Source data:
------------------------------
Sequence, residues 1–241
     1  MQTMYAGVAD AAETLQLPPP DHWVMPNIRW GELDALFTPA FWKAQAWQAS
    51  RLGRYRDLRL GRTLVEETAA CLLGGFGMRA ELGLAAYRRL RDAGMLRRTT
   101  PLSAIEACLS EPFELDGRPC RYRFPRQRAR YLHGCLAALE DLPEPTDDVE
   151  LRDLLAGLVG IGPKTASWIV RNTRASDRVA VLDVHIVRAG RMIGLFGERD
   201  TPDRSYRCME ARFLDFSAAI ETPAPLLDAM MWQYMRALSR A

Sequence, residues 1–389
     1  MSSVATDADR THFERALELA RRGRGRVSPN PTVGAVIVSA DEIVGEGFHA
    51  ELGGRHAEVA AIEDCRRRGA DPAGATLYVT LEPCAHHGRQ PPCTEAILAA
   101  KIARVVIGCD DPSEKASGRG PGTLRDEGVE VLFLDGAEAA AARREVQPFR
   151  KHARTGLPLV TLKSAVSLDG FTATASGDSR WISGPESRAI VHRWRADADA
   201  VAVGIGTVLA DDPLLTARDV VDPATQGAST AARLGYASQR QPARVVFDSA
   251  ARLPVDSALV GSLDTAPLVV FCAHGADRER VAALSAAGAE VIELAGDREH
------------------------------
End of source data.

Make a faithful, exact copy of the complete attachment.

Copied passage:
Sequence, residues 1–241
     1  MQTMYAGVAD AAETLQLPPP DHWVMPNIRW GELDALFTPA FWKAQAWQAS
    51  RLGRYRDLRL GRTLVEETAA CLLGGFGMRA ELGLAAYRRL RDAGMLRRTT
   101  PLSAIEACLS EPFELDGRPC RYRFPRQRAR YLHGCLAALE DLPEPTDDVE
   151  LRDLLAGLVG IGPKTASWIV RNTRASDRVA VLDVHIVRAG RMIGLFGERD
   201  TPDRSYRCME ARFLDFSAAI ETPAPLLDAM MWQYMRALSR A

Sequence, residues 1–389
     1  MSSVATDADR THFERALELA RRGRGRVSPN PTVGAVIVSA DEIVGEGFHA
    51  ELGGRHAEVA AIEDCRRRGA DPAGATLYVT LEPCAHHGRQ PPCTEAILAA
   101  KIARVVIGCD DPSEKASGRG PGTLRDEGVE VLFLDGAEAA AARREVQPFR
   151  KHARTGLPLV TLKSAVSLDG FTATASGDSR WISGPESRAI VHRWRADADA
   201  VAVGIGTVLA DDPLLTARDV VDPATQGAST AARLGYASQR QPARVVFDSA
   251  ARLPVDSALV GSLDTAPLVV FCAHGADRER VAALSAAGAE VIELAGDREH